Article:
“If isolation is the furnace of transformation, I could be ashes by now.” ― Stephen Christian, The Orphaned Anything's: Memoir of a Lesser Known.

US equity markets fell (relatively) sharply overnight, with the S&P 500 index giving back 4.4% of its 15.8% rally from its 23 March low. It’s still up around 10%, though still down around 27% from its pre-COVID-19 high. But it wasn’t the data causing the fall, at least, not the published data. The US’s key manufacturing ISM beat estimates for March, easing only from 50.1 to 49.1 (versus consensus for 46.0) - virtual noise - and likely reflecting both the momentum of the US economy as it entered 2020 and arguably the US’s slow response in appropriately responding to the virus’ spread until late in March.

The market would appear more focused on the data behind our chart today, namely the accelerating spread of COVID-19 across the US, which has now taken over from Italy (which took over from China) as the disease’s epicentre. As the chart reveals, there is little sign of containment in the US, and experts suggest ‘peak spread’ – and the flattening out of cases (such as in China, South Korea and now Italy) that periodically calmed markets’ nerves – remains a couple of weeks away. It is not the macro data today that is weighing on markets, but the macro data ahead. Consensus for Friday’s March US payrolls has been steadily trending from -60,000 last week to around -200,000 currently. However, April holds the prospect of more than 1 million lost payrolls.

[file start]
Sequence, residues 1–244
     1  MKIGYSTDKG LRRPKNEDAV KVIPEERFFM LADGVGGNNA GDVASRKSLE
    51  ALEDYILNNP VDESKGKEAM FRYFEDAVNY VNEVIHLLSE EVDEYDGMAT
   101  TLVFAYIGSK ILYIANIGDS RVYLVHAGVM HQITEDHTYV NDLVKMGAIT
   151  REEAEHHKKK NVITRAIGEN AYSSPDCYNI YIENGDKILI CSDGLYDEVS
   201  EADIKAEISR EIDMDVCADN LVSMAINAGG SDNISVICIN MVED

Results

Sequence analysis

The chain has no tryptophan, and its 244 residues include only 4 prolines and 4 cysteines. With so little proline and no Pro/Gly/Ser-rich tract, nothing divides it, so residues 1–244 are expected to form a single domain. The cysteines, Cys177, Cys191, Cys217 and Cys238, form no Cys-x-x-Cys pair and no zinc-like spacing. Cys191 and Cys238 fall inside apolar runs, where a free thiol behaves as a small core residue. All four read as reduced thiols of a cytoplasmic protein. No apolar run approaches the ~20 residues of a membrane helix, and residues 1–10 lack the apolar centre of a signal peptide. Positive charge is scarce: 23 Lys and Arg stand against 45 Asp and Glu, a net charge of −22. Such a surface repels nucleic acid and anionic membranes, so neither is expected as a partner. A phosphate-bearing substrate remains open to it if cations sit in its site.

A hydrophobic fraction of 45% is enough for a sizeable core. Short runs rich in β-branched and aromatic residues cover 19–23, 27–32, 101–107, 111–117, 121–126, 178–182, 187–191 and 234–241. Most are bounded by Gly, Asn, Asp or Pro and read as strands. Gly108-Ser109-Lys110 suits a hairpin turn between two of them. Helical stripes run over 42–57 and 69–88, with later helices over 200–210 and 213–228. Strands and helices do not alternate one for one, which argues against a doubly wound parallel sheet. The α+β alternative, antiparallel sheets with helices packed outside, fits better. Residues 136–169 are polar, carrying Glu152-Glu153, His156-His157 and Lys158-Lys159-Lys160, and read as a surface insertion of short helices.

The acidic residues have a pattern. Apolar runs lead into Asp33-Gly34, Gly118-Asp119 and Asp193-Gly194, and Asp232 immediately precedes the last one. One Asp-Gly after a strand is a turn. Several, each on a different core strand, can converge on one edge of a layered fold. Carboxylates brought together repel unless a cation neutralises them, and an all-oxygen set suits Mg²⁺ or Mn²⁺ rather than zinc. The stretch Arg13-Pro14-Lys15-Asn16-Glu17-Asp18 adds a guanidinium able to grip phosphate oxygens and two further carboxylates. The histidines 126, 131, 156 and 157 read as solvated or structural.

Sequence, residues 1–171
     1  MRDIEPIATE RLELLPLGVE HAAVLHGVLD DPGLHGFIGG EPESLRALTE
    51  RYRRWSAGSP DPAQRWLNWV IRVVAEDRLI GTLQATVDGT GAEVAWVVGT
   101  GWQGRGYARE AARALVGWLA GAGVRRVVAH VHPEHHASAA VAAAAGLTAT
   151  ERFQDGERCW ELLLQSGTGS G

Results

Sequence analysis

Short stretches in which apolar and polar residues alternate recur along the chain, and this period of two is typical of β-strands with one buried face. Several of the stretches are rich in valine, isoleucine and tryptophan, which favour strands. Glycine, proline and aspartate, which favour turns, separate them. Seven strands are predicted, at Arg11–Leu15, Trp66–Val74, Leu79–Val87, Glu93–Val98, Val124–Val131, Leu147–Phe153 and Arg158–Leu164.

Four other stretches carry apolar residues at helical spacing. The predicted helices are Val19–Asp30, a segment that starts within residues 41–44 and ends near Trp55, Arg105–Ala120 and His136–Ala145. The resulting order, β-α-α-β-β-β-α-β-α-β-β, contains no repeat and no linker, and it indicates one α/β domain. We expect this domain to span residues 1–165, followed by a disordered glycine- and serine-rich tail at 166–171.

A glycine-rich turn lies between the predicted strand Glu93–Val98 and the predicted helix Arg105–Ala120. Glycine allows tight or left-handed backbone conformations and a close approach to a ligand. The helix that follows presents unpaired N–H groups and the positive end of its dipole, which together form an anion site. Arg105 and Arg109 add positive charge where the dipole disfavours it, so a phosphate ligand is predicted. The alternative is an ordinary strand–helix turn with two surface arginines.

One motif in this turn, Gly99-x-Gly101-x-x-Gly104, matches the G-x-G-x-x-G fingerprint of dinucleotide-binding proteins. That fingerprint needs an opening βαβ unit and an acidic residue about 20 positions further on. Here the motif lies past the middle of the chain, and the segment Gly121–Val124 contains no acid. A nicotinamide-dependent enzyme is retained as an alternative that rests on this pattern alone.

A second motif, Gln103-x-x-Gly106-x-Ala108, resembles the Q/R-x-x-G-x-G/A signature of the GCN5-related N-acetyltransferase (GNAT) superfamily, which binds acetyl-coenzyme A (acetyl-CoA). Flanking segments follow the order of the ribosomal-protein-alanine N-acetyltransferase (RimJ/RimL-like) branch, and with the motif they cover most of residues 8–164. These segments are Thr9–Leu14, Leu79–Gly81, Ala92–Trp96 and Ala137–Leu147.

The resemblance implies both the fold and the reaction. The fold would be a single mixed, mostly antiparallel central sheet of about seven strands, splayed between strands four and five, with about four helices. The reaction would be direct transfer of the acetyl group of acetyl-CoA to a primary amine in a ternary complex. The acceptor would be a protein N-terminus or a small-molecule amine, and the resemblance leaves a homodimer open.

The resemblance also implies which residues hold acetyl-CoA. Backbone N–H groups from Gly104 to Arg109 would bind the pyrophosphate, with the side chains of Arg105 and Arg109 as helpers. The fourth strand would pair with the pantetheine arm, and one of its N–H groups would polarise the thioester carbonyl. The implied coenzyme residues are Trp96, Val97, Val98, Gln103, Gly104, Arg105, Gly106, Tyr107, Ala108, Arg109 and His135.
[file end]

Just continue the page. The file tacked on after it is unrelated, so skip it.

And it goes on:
At Crestone, we continue to monitor key signals to guide us closer to when markets may trough. Over the past couple of weeks, a number of these have been ticked off—namely policy stimulus, while we have made progress on valuation, a re-tightening of credit spreads and weak data. However, at this stage, we are yet to achieve ‘peak disease’, which appears the most critical for markets (to the extent it impacts whether the outlook is a U-, V- or L-shaped recovery).

US versus Italy—Daily COVID-19 cases

Source: Factset, Crestone.

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John Boardman

What about plotting countries like Indonesia. With limited resources to fight CV, the curve will be steeper than the USA. Once the world wakes up to the devastation in such countries, the markets will be smashed again.